AMA: Kai Brach, Publisher of Offscreen Magazine

almost 6 years ago from Kai Brach, Publisher at Offscreen Magazine

  • Marz 1Marz 1, almost 6 years ago

    I'm in the process of working out the math on starting a magazine as well. Trying to account for all the factors in play, it's easy for me to get overwhelmed and paralyzed. Any tips on creating a solid plan of attack? I'm no stranger to hard work, especially behind something you believe in—but given current 'life' stuff, I'd like to minimize the amount of risk (especially financial) wherever possible. From my perspective, the aesthetic seems like the easy/fun part. It's the business side (ads/sponsors, production, distribution, etc.) that I'm trying to wrap my brain around.

    Also... one thing a friend mentioned to me when he was publishing, his biggest hurdle was distribution. How did you approach it?

    FYI: Bicycling to one of your NYC stockists as soon as I submit comment :)

    1 point
    • , almost 6 years ago

      I hear you. I think the most important part is that you have something to say. Nowadays a lot of designers launch magazines to make a nice product, but that product often doesn't have anything valuable to say. Have a clear intent and define your niche early. That's how you ensure to not just make one issue, but actually build up an audience.

      It's hard to summarise all the things that go into a magazine. Obviously content is key, so that's what I would focus on first. Locate good content sources (which doesn't necessarily mean that you create it yourself) and then build your publishing ideas around that. What types of features would you like? How much of it is text, photography, illustrations, etc? Create a content plan.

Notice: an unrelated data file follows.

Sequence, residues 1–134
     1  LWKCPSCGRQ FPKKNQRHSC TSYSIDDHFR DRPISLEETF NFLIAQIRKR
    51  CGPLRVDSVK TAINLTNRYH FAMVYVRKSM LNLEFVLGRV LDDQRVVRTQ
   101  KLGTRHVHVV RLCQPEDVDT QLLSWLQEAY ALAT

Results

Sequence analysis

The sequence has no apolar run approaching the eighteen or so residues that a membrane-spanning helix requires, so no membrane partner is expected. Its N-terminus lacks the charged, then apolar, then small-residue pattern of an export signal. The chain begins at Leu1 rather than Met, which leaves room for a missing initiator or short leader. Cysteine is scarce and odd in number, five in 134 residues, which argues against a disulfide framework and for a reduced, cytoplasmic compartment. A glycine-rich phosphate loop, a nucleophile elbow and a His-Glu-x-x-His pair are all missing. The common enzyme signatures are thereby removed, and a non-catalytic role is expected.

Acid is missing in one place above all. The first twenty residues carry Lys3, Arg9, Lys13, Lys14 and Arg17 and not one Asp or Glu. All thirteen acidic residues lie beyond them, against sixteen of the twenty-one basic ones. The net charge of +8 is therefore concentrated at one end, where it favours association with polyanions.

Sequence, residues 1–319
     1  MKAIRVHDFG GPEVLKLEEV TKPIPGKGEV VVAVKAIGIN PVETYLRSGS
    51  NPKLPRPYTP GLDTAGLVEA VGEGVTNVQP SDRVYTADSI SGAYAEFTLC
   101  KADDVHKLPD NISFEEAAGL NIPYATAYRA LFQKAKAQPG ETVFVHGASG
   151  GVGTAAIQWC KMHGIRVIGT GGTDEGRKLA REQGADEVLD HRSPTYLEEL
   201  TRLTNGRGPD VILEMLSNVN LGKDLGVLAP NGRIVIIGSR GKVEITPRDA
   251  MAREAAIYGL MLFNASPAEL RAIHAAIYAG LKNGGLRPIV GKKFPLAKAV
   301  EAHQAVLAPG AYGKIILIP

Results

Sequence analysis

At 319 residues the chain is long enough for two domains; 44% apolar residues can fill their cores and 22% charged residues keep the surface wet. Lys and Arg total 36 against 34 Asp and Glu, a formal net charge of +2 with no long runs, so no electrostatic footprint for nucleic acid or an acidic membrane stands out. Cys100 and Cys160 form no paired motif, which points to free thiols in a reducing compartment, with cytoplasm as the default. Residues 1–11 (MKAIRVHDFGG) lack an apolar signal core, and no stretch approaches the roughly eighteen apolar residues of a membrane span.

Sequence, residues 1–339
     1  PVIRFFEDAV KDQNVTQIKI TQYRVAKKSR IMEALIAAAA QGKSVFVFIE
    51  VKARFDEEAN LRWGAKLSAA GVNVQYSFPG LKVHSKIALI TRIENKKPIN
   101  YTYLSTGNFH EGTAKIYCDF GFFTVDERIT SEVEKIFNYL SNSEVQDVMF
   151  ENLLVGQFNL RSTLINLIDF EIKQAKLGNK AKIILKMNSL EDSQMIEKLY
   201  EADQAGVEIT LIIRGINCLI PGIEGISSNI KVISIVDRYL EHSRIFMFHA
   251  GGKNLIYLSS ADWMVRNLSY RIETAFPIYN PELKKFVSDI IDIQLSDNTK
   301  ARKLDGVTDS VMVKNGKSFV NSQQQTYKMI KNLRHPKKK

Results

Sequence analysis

Making the project viable is definitely a challenge. You can try to finance the first issue on Kickstarter (many do), but you'll have to work hard on making future issues sustainable through, for example, a high cover price, ads, sponsors, memberships, events, or a mix of all of those.

      And yes, obviously, distribution is always the hardest part (which is not unique to print, but more difficult in the real world). I was lucky enough to have a niche (web/tech) that finds buying their copy online quite natural, so I don't really depend on shops and distributors. Try to build that (online) community early. Build a good website. Share a lot. Connect with people and be authentic.

      Have a look at magculture.com. It's an important website for all mag makers.

      1 point